By Dan Harkins
DELTONA - Speaking of speaking: it's rare to find someone who can do it impeccably when everyone else in the room is listening.
That's probably why it was standing-room-only on Sept. 26 in the largest community space at the Deltona Regional Library at Lyonia Preserve for the inaugural meeting of the newest Toastmasters club in the area.
Nonprofit workers. Entrepreneurs. Anyone who wanted to feel OK about being a leader in the spotlight.
"This is going to be about networking with other people and improving ourselves to become better adults," said Felicia Benzo, the director of the CATALYST Florida mentoring group, who's also the group's first sergeant-at-arms. "And when we get better, the kids get better."
Getting better here is mostly geared toward becoming better at getting a point across, touching hearts and minds.
Founded in 1924 by a small klatch of Santa Ana, Calif., entrepreneurs, the group has grown to about 200,000 members in 9,300 clubs in 70 nations. Other nearby clubs are in DeLand, Daytona Beach and Sanford.
That long entrenched history has led to some unique but easy-to-adopt conventions.
The meetings start by introducing the night's theme - last week it was self-improvement - and then the members who would be monitoring a different facet of effective communications.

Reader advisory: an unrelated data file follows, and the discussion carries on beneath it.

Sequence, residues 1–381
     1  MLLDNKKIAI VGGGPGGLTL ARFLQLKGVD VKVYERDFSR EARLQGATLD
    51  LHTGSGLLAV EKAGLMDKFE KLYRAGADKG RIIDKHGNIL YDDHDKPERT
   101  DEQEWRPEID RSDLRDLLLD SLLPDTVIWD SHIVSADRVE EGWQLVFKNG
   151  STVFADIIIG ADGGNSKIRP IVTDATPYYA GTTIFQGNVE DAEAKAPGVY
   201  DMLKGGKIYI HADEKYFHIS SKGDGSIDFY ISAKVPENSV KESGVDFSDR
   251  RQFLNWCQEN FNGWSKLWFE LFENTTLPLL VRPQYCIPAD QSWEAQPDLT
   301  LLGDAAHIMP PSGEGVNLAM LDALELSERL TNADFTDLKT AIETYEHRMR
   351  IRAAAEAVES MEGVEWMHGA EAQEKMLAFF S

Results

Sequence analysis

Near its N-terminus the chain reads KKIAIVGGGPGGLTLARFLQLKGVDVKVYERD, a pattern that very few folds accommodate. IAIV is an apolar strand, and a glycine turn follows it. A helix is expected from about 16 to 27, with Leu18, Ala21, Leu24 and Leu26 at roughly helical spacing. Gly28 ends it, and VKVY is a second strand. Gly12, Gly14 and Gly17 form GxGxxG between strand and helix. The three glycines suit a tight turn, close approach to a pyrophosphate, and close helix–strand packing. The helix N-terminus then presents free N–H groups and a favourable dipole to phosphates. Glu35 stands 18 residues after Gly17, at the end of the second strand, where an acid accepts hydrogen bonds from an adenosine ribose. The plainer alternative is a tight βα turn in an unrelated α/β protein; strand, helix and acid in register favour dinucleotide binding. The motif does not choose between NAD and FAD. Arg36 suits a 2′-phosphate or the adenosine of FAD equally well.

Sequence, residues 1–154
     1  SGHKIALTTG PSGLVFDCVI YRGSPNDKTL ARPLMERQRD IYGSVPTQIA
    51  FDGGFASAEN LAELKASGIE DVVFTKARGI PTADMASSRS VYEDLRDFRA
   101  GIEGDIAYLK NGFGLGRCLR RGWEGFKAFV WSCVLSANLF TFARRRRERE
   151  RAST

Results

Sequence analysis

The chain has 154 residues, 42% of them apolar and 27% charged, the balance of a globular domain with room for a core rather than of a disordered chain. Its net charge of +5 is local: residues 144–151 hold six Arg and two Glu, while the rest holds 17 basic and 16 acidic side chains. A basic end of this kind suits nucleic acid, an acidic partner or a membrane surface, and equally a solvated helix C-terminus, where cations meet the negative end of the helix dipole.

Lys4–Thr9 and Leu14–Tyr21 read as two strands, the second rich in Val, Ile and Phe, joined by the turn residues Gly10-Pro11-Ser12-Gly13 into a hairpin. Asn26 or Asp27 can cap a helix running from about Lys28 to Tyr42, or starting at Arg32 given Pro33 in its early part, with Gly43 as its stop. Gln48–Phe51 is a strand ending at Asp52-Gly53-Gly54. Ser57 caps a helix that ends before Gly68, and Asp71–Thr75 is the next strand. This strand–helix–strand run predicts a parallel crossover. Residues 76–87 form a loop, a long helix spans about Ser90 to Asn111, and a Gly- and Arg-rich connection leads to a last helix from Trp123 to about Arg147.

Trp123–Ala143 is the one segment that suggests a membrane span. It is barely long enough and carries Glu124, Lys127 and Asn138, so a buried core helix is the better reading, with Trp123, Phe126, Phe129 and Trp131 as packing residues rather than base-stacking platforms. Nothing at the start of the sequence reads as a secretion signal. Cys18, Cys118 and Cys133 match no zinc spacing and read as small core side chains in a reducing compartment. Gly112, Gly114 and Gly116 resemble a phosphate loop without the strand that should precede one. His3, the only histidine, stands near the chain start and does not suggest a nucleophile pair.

The grammarian at Deltona's first meeting presented the word for the day, "epitome," which speakers then tried to fit into their impromptu speeches throughout the meeting. Every time a speaker landed the word of the day, the audience knocked lightly on nearby wood to commend them.
The timer was making sure speakers stayed within the accepted range of one to two minutes for each speech, and the 'ah' counter chronicled each speaker's use of filler words meant to buy more time, like 'ah' or 'um.'
The basics of telling those speeches were delivered by a few seasoned Toastmasters during the meeting, like Mary Carol Holbart, a member in charge of marketing for the entire Toastmasters District 84, which covers all of Central and North Florida.
Her speech, The Sticking Point, showed how a story, recounted once by one of her brothers about being the problem child, made a lasting impact on her life, even though it recounted an event from before she was born.
"That is part of the power of story," she said. "Stories create memories for us, even if we weren't present."
Then Rodney Gray, president of the DeLand Toastmasters club, delivered a basic cornerstone for effective speaking, the acronym PREP, which stands for "point, reason, examples (at least two) and point again."
"If you can consistently do that," he said, "you'll find that you can stand in front of a crowd and actually deliver a coherent message."
As easy as that.
Regular meetings of the new Toastmasters club will be 6 to 7:15 p.m. every Wednesday. Though the first meeting was held in Deltona, all future meetings will be at the Horizon Bay senior living center, 500 Grand Plaza Drive, Orange City. Membership costs about $10 a month.